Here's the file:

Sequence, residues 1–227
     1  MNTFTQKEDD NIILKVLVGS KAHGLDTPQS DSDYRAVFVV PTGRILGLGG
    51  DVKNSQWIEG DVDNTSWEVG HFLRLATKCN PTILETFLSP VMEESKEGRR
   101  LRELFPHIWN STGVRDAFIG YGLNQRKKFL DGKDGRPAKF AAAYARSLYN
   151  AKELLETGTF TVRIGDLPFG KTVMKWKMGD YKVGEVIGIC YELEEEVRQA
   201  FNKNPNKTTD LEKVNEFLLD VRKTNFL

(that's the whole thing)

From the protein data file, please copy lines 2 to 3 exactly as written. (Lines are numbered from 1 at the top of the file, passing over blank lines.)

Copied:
     1  MNTFTQKEDD NIILKVLVGS KAHGLDTPQS DSDYRAVFVV PTGRILGLGG
    51  DVKNSQWIEG DVDNTSWEVG HFLRLATKCN PTILETFLSP VMEESKEGRR